Can you hear the guys in the old-headline-writers' home 50 years from now?
“Yeah, we were all wracking our brains on how to run this story... folks were
coming up with lines like 'Sticky Rice,' 'Rice Spills,' and 'Rice on the Burner' and then Jonesy
here blurts out the big one! I tell ya, he ought to have gotten an award for
that one, it's so funny!... It still makes me laugh.”
There was a time in the French court, when puns were condidered outré. A headline
like this would have been the kind of faux pas that got you banished, or at
Have you seen the uncle
of our nation lately? It seems he's changed, he's confused, or he's under cover.
was a great day for shooting. Not only was the weather warm,
day. The sun and clouds did a lot
of interesting things.
I got a lot of shots of this guy. His concentration and relaxation were superb.
It didn't matter if I had a camera in his face, or a bunch of kids were imitating
his movements; he just kept working slowly and methodically through his T'
ai Chi routine.
This shot reminds me of one of the religious prints that my grandmother
used to have above the couch in her living room. After taking several variations
on this photo, I realized that the column of light led to a bright spot on
the river. My angle wasn't good to capture the shot, thanks to a warehouse
in the foreground; and before I could find a better frame, the hole had vanished.
I love blogging, I love writing, I love making photographs. Until I got the Epson
2200, my ability to print the images I've been capturing has been limited.
What I hadn't paid much attention to, was the limitation imposed by 350 x 233
@ 72 dpi. Now that I'm printing regularly at up to 13 x 19 inches, I'm finding
have amazing fine details that just won't render decently under the constraints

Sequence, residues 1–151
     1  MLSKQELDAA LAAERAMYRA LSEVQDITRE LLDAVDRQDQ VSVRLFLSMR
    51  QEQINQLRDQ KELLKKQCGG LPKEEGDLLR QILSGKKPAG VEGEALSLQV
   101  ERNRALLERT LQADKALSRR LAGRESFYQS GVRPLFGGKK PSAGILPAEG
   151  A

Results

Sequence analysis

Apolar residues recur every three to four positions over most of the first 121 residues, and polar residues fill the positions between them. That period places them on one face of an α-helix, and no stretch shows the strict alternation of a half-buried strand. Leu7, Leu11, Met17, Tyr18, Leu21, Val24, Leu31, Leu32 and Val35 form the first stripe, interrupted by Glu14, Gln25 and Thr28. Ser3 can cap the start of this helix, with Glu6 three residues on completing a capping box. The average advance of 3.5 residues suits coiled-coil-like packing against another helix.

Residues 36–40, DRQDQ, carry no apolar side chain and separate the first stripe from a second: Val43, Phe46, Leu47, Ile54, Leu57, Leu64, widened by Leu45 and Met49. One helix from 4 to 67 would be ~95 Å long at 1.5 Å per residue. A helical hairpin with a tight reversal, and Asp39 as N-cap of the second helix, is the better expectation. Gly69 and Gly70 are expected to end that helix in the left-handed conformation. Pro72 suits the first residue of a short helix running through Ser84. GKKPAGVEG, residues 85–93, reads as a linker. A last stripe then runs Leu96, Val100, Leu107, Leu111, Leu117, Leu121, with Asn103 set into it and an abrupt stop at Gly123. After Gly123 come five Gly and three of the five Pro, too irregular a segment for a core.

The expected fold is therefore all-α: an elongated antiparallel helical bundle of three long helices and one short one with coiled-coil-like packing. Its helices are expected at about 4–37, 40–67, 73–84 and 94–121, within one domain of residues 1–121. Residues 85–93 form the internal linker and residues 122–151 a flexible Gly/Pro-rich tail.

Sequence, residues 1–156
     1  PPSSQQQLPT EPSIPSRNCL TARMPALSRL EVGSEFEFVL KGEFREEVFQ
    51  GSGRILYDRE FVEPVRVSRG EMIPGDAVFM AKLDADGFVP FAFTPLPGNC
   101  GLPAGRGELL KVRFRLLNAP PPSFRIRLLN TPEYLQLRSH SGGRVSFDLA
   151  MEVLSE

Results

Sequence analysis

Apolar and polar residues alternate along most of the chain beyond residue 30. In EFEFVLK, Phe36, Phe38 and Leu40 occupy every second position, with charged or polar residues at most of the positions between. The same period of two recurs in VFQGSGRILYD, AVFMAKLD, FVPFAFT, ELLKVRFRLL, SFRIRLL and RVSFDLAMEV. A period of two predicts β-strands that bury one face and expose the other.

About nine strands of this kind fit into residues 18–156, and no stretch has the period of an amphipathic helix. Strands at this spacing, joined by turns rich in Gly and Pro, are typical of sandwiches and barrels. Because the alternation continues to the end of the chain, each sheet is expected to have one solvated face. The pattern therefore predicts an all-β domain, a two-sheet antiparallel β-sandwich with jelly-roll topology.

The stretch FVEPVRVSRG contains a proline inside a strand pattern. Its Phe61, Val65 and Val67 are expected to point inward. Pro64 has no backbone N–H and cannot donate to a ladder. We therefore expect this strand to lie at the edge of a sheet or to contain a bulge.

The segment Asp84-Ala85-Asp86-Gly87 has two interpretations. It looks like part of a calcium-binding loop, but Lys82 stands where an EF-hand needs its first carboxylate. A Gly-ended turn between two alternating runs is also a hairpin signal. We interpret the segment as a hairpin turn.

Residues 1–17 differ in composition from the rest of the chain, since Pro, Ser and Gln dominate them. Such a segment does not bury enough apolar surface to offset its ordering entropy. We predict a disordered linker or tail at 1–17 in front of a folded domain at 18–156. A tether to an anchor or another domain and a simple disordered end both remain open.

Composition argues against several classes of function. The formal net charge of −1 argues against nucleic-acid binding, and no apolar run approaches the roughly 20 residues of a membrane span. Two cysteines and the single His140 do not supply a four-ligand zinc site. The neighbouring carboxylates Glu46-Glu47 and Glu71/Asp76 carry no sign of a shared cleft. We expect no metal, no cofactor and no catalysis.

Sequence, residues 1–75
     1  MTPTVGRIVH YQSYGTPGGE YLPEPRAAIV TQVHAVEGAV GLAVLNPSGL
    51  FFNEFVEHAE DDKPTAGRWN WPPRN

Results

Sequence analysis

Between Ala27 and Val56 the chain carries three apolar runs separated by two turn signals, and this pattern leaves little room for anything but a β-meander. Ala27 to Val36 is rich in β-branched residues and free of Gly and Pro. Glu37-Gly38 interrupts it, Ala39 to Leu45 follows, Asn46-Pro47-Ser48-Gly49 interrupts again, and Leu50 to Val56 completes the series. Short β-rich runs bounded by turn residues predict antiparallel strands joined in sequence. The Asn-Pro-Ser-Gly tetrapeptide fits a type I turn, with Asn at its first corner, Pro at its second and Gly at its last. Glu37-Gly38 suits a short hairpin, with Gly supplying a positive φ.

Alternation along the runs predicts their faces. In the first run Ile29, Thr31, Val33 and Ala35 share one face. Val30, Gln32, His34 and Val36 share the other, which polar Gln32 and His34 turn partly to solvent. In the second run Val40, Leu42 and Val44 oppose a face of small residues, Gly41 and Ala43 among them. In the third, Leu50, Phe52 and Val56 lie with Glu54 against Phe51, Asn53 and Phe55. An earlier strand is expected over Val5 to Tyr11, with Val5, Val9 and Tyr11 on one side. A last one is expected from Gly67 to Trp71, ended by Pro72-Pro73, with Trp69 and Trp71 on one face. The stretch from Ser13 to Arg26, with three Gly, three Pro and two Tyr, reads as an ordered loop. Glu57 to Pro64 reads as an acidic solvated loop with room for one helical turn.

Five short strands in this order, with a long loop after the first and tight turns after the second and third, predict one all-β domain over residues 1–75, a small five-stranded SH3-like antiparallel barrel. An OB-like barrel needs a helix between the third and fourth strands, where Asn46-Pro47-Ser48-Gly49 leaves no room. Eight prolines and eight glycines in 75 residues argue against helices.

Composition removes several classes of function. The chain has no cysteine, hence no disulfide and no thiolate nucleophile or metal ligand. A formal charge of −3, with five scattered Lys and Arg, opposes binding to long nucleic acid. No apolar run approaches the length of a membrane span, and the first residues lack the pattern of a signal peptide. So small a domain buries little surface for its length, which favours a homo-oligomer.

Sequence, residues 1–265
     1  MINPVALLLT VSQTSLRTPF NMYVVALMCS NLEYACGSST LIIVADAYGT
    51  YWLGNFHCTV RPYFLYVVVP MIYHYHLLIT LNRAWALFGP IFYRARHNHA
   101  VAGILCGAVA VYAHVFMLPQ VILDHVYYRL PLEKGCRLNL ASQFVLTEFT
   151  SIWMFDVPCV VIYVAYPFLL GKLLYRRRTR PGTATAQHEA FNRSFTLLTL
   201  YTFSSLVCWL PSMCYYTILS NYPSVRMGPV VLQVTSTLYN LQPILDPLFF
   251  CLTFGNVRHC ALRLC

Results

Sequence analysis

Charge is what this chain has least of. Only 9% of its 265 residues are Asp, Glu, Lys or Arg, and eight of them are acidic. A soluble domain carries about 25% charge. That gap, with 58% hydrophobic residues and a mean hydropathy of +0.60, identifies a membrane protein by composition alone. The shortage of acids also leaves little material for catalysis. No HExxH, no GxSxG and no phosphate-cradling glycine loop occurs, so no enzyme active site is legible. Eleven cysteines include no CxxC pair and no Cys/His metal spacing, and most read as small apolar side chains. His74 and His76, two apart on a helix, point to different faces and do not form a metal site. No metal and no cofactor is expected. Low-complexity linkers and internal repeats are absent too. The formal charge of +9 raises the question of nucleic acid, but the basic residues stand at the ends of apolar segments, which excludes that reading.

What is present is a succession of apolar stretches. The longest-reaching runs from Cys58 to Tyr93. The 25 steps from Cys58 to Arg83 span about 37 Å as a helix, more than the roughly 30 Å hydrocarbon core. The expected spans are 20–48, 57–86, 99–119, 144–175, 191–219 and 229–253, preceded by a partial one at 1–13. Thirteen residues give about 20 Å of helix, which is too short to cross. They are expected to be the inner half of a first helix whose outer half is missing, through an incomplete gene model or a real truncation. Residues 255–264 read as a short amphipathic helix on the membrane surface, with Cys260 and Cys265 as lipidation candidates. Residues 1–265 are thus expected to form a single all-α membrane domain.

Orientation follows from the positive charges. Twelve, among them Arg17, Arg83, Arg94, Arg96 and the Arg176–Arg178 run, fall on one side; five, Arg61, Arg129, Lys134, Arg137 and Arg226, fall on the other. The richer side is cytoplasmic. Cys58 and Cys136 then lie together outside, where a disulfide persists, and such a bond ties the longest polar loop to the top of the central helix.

of my web format. This will have relevance as I move toward putting together
an online portfolio. It
won't be identical to my print portfolio. That realization may even impact
the future design of this blog...
The process of printmaking is fascinating. My work in the “digital darkroom”
has benefited from the experience of processing film and printing black and
white images in a wet darkroom. This weekend, I even printed my first digital
sepia print, without concern for fumes or the potential toxicity of some of
the toning agents used in wet darkrooms.
I had forgotten the excitement of printing, though, and the experience of
watching people look at my prints is very different from sharing the blog.
Prints have a tangibility that web browsing or even CD publishing doesn't have.
There's something special about having that print emerge from the alchemy of
levels, curves, saturation, contrast, compositing, and unsharp mask. The
image emerges slowly from the printer. The experience is a little different
than watching an image come up in the developer tray, but the feelings are
related. There's an anxiousness and a mystery that stays with you until you
can hold the print up in the right kind of light and see what you got. The
big difference is this time, my results are mostly in color.
So you can bet I'll be doing a lot of printing from now on, but I won't be
giving up on blogging.
Overheard in Transit
“I could see a bitch doin' somethin' like dat, but a niggah?!”
Self-respect self-destructs thought by thought, phrase by phrase. I'm sure
she has no idea what she's reinforcing by talking that way.
“She ain't like HOT-hot, but she's cool, yo.”
People often sound very funny (and contradictory) when they talk about relationships